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Exam board to address Leaving Cert 'predictability'

A report published by the Department of Education today was critical of “rote learning” and highlighted the common practice of memorising pre-packaged answers.

Image: Mark Stedman/Photocall Ireland

A REPORT PUBLISHED by the Department of Education today has called on the State Examination Commission (SEC) to address predictability in the Leaving Certificate.

The SEC will now set out proposals to tackle what the Higher Education Authority and National Council for Curriculum and Assessment called “problematic predictability”.

The research was critical of so-called ‘rote learning’ and highlighted reports of students memorising pre-packaged answers and essays to gain maximum points.

Education Minister Ruairi Quinn told Morning Ireland that he had asked for predictability in the State exams to be looked at to ensure the bridge between secondary level and higher level education is strengthened. He added that such predictability had become a “big issue”.

Commentary frequently around exams in June is often about “no surprises” and a “good exam” is equated to a predictable one, he said.

This leads to ‘teaching to the test’, for example anticipating what poets will come up in the English examination. Teachers, under pressure, will concentrate on predicted questions that are likely to arise.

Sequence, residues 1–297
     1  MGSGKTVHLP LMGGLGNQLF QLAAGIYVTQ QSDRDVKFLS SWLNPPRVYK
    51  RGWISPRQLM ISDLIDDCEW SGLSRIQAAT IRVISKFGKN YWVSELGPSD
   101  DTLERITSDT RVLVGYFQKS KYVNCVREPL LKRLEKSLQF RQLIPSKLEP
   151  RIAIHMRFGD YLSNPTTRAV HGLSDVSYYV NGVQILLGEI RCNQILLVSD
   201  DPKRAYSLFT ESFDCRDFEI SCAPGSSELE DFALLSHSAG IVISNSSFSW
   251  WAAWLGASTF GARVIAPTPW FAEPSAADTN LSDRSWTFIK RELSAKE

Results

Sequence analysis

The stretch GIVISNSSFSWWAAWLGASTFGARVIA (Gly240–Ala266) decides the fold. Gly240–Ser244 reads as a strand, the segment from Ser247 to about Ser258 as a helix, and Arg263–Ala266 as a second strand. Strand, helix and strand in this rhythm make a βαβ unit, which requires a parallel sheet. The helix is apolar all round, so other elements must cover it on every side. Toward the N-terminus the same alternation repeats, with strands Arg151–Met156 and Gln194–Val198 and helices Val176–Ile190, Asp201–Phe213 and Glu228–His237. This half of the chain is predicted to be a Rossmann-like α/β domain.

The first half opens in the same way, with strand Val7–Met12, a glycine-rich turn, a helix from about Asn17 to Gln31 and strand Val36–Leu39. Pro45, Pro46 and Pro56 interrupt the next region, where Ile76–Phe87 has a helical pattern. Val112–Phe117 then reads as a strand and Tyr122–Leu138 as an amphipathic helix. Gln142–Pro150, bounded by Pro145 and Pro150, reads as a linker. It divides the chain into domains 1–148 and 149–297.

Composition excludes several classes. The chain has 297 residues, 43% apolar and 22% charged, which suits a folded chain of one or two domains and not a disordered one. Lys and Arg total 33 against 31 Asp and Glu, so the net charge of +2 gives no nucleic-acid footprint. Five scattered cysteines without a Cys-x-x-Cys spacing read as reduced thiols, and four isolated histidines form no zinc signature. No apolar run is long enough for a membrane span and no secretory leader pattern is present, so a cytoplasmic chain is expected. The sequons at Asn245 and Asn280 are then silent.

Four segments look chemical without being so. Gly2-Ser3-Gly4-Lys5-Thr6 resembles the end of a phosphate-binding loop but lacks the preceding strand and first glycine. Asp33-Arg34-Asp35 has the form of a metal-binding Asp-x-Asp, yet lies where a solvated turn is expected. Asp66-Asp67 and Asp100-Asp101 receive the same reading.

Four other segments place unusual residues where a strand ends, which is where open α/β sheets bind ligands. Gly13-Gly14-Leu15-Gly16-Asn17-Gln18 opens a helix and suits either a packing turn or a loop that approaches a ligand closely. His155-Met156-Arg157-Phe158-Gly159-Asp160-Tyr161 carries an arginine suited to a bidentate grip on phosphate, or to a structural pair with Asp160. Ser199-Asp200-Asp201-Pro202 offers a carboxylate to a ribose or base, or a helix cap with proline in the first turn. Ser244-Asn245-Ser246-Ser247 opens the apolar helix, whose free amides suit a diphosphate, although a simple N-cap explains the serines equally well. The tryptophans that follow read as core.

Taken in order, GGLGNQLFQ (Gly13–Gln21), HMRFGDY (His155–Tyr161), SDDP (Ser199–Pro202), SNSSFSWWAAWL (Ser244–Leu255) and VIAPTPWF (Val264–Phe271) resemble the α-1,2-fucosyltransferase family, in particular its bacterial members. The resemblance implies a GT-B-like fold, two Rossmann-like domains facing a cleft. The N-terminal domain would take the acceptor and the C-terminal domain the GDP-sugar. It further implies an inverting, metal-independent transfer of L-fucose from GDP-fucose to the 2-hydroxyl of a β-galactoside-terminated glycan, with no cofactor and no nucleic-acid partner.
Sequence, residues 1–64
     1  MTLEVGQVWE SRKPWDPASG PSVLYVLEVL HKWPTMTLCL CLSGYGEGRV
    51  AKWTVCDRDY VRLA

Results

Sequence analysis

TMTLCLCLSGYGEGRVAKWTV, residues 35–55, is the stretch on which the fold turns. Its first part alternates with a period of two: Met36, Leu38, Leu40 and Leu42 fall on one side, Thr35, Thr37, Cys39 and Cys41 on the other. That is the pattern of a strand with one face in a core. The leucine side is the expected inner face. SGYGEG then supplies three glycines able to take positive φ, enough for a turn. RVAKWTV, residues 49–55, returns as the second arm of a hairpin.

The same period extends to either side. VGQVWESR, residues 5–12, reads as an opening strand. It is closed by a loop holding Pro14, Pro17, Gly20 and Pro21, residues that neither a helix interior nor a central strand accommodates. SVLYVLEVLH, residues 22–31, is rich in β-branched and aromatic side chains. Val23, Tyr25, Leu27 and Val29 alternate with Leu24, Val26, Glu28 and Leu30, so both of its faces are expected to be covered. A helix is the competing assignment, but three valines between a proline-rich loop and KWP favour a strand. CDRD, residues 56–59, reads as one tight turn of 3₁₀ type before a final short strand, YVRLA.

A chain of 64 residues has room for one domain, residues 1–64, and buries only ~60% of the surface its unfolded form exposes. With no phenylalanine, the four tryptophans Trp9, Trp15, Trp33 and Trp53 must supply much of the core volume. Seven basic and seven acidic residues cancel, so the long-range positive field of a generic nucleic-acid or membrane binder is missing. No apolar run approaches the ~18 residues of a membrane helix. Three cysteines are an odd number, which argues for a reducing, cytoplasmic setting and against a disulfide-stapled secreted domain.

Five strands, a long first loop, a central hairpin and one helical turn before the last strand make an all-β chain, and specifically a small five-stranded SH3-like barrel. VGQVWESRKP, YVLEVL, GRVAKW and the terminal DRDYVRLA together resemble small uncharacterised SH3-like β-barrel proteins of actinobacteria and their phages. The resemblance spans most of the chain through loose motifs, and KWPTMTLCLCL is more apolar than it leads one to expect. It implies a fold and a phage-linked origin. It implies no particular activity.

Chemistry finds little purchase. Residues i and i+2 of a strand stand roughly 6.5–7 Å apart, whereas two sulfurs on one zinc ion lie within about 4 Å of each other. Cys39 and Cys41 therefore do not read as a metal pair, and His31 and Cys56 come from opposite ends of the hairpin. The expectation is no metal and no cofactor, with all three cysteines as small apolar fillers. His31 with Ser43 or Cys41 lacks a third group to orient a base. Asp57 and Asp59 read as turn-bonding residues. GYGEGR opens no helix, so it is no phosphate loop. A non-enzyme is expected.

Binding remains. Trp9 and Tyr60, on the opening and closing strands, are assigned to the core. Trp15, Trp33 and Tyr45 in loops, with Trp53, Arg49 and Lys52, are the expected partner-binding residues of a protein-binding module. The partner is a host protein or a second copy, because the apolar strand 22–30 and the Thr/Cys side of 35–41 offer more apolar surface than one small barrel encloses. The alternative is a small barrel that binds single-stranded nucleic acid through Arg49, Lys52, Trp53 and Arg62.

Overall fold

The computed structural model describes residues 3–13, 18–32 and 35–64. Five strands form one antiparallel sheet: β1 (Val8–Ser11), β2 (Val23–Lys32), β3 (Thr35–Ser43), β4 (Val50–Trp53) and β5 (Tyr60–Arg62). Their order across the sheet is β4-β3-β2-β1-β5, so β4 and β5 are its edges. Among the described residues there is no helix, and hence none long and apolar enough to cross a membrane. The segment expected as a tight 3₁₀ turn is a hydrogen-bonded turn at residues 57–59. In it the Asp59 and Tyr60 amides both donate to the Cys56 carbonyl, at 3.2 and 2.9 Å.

“Therefore the curriculum is bypassed in favour of concentrating on those questions that will arise and the preparation of tailored answers. That is not what critical thinking and analytical skills are about,” he added.

The report also recommends that the number of grades that can be achieved in the Leaving Certificate exams be reduced from 14 to eight. The NCCA and the SEC will analyse the benefits of getting rid of the sub-categories in the B and C grades to leave just A1, A2, B, C, D, E, NG.

The proposed change could reduce the “race for points” if used in conjunction with a shift in how undergraduate courses are organised, said the organisations.

The paper also recommended that universities should review their portfolio of courses with a view to reducing their number and introducing more generic first-year courses.

In a statement, the Minister said he was “in agreement with the overall thrust of the recommendations in the report”.

Quinn, however, also moved to assure current Fifth and Sixth Year students that no changes will be implemented in the education system that would “change the path they are taking”.

The proposals outlined in the report will not take affect within the 2012 school year.

The HEA, NCCA and SEC will now work to prepare and submit implementation plans for the curriculum reform agenda, concluded Quinn.

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